It’s Saturday morning and I’m sitting in class. Today’s lesson: ISO 27001 series, more specifically, how it relates to an Information Security Management System for an NHS case study. This might not be the way every PR spends their Saturday. But as I work on a number of cyber security accounts, it comes in handy.
Being up this early on a Saturday has its perks: I get a theoretical overview of some of the most common cyber attacks and security management issues which ultimately help me to do my job better. Looking good in front of your boss and clients is always a win in my book.
Through the various classes I’ve learnt about information governance and cyber security principles that underpin the management of an organisation’s information assets. Data, as we all know, is one of the most precious commodities a business has. Being able to adequately protect that is not only a legal requirement, the financial and reputation damage incurred when a breach happens is much more difficult to win back in the long run.
The lecturer explains this, drawing on his own career as an ethical hacker and points out how so much of our world is now connected – meaning so much more is now up for grabs to hackers. We only need to look at the news (and my day job requires a lot of that!) for numerous examples of cyber criminals launching new attacks against schools, hospitals, banks to see this in action.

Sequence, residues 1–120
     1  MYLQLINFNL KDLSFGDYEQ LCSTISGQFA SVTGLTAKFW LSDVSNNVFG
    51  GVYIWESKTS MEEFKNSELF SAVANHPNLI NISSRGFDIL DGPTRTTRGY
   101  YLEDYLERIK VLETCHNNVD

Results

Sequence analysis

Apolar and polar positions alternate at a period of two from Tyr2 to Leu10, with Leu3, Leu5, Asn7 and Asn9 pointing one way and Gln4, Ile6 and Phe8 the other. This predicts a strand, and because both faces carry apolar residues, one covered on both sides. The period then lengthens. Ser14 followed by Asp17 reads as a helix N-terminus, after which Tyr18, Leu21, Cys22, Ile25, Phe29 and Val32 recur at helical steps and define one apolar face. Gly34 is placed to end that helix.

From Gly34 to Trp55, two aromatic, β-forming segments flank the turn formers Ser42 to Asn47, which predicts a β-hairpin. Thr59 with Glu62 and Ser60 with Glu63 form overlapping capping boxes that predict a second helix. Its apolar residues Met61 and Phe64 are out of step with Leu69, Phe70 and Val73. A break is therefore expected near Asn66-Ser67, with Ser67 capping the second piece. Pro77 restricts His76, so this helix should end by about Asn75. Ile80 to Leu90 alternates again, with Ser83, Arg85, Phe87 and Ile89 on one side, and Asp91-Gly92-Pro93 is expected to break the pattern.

These classes also taught me the key concepts, theories, standards and frameworks of information governance and security, including how this relates to risk management and how, as a business, you might go about calculating that. Who said maths on a Saturday isn’t fun?
The course culminated in an assignment which took all those theories and put them to the test: we had to design an information governance and cyber security policy to meet legal, ethical and regulatory needs. The hours of learning endless regulations were finally going to pay off: I was able to apply both broad, overarching theories and sector-specific regulatory and legal needs to a given example. My assignment was a success.
For a public relations professional working with cyber security clients, my degree means that I can understand their language. As much as most of the curriculum is ultimately designed to help us pass our assignment, these classes help to inform and give me a better understanding of the work many of my clients do. From rapid response comments, to writing thought leadership pieces, being able to draw on what I’ve learnt in class is invaluable.
Though, cyber security is a diverse, complicated and ever changing field. The multitude of different cyber security clients I work with alone is testament to that – where one might focus on cloud and email security another’s focus is specifically on VPN security. This is not to mention the increasingly creative ways that cyber criminals perpetuate their attacks. Ultimately, the foundation for cyber security might be built in the classroom, but the defence fortress is moulded in the real world.
The theory I was taught in class goes a long way in helping me understand the complex world of cyber security. Working with a diverse range of clients, however, means that I am constantly learning new tips, tricks and ways that cyber security professionals are fighting back against the hackers.